In the Garden of Beasts (2011) – Erik Larson


After I finished Erik Larson’s latest book, Dead Wake, I made sure to go out and track down another one. Not since Stephen Ambrose have I enjoyed a historian’s storytelling method, and it was with great delight that I picked up In the Garden of the Beasts, even the subtitle on the cover was enough to garner my attention… Love, Terror and an American Family in Hitler’s Berlin.

Bring it.

In 1933, the seemingly most unlikely choice for ambassador to Berlin was made by then President Roosevelt, a professor from Chicago, William E. Dodd, who only longed to finish his planned four volume history on the Old South, was tapped for the job. Much to the ire of some of the elitists who were part of the diplomatic community.

He, and his family, including adventurous daughter, Martha, took up their post in Berlin, agreeing to live within Dodd’s meager salary (when compared to others in the diplomatic corps), and represent the interests of America in a landscape that was changing daily, as Adolph Hitler climbed to power, ruling through violence, terror, and murder.

Going in to the tale, any reader knows how things turn out. But to be put into the mindset of those who were in the time, from the isolationist views of the United States, not to mention the antisemitism that was at play there as well, to an almost average family who were put on the front lines as witnesses to the terrors that began to spill across Germany, it’s a completely different experience.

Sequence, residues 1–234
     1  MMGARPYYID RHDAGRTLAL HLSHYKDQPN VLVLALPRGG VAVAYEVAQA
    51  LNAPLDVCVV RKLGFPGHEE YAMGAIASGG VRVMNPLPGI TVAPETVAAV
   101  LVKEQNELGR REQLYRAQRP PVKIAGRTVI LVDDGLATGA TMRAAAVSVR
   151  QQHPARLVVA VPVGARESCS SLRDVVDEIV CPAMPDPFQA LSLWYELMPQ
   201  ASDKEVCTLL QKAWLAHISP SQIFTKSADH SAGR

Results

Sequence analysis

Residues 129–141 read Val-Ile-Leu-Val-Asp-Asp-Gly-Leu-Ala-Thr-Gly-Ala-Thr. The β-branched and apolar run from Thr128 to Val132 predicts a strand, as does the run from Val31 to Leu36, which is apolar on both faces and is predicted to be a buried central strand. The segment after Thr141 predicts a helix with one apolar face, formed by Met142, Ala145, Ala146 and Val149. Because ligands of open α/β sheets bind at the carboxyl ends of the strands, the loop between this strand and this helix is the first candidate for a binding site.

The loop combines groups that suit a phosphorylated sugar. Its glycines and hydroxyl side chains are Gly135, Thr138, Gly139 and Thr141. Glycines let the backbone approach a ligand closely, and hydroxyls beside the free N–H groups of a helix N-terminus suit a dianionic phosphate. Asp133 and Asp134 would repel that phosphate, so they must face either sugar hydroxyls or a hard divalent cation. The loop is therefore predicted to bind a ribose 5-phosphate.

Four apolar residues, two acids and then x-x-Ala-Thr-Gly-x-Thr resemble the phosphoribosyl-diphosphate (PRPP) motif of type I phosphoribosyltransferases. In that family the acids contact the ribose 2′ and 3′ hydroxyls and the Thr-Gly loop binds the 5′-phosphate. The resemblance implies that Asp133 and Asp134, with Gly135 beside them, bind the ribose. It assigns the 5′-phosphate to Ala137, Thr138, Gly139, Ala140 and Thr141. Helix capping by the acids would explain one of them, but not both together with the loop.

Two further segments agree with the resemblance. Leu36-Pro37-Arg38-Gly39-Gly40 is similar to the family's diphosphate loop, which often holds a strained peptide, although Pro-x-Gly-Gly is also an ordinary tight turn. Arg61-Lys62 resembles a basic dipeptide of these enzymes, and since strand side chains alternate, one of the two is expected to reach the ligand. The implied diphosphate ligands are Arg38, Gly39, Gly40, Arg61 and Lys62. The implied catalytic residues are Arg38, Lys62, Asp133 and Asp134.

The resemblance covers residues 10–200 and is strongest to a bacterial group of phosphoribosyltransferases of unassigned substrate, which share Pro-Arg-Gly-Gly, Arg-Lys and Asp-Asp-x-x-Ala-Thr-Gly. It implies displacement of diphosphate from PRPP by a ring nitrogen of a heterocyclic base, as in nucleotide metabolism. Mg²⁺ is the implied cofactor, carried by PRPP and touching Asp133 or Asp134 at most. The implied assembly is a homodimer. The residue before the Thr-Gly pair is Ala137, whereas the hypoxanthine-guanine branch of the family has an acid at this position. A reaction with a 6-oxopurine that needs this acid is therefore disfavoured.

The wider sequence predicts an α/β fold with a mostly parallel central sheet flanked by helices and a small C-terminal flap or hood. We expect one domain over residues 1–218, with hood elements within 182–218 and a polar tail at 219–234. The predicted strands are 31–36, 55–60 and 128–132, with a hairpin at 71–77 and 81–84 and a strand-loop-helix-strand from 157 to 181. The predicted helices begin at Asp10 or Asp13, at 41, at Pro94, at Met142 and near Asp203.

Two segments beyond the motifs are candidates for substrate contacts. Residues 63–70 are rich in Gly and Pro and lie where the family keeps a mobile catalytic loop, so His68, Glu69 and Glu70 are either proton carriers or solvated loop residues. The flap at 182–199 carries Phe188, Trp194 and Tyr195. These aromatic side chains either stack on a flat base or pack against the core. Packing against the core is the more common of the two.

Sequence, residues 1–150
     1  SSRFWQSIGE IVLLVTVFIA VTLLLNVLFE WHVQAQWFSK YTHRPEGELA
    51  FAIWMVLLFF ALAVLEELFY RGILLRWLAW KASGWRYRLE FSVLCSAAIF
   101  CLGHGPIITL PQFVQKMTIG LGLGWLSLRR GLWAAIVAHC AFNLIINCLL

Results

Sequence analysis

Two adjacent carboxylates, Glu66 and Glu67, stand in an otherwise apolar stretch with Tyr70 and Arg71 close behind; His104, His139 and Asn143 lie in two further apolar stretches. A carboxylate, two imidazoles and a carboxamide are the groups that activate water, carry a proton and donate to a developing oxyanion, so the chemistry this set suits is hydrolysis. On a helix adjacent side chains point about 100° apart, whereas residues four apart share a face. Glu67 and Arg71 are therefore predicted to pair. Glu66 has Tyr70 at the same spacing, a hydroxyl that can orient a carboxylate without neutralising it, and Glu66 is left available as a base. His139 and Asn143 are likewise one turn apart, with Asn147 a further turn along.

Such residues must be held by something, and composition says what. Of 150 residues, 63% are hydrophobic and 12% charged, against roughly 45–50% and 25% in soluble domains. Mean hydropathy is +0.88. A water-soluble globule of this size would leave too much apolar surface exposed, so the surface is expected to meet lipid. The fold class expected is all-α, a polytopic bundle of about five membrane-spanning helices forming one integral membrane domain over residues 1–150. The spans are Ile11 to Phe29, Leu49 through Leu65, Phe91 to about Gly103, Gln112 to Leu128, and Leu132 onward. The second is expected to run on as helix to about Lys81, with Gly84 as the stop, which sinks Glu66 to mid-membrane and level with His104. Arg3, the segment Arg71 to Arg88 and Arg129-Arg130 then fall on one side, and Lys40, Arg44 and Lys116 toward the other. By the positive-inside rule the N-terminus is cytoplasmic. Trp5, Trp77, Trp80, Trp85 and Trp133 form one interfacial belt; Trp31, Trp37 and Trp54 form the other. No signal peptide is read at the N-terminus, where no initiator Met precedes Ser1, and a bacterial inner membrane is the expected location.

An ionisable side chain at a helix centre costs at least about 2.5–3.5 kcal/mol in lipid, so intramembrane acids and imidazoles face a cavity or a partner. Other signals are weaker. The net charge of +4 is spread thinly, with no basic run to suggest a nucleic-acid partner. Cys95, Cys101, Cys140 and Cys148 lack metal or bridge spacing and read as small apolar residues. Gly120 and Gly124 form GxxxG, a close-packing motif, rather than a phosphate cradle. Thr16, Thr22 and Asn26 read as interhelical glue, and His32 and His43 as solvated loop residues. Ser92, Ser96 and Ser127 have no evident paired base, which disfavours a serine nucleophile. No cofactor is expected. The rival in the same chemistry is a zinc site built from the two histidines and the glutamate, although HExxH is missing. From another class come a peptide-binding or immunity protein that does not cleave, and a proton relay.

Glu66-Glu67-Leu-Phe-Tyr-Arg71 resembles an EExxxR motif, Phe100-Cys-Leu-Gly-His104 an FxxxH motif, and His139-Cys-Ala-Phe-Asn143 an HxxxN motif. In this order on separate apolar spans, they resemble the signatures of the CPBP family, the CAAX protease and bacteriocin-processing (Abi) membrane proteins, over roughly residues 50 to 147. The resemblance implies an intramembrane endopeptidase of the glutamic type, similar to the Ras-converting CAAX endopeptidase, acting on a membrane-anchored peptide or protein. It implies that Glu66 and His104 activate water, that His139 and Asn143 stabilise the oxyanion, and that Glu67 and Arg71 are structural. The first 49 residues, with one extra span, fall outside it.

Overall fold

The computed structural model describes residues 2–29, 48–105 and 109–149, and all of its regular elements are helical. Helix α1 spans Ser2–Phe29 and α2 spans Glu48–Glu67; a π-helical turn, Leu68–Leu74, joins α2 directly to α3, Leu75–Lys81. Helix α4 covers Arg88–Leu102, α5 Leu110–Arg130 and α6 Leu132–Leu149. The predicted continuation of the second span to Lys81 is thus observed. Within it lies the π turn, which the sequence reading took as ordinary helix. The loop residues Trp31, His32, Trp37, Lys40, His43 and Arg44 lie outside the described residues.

It’s eye-opening.


History books have a way of reciting dates, facts and names that while sharing events, never truly illustrate the human side of them. Larson through careful research, and culling of quotes from memoirs, letters and journals, puts us in the home on Tiergartenstrasse, letting the reader experience the behavior, of those who were in command, the jealousies, the paranoia, and the maneuvering that went on, both there and on American soil.

We get up close and intimate with names that have haunted people for decades, Goering, Himmler, Rohm and even Hitler.

The narrative moves from Dodd and his actions in Berlin, fighting to represent Roosevelt’s interests, to the movement at home by those in the halls of power who didn’t want Dodd in the position he was in and sought to undermine him, and ignore the Nazi threat at the same time, to the many romances and affairs of Dodd’s daughter, Martha, who the Russians even tried to recruit.

I’ve read three of Larson’s books now, and he continues to bring whatever era he writes about to vibrant life, bringing us into the lives of those involved, and making the events a reality that just knowing names and dates would never do.

He’s got a fan in me now, and I will be hunting down the rest of his books to read in short order, and add to the ever-growing pile on my bedside table.

Look him up and pick up one of his brilliant books!






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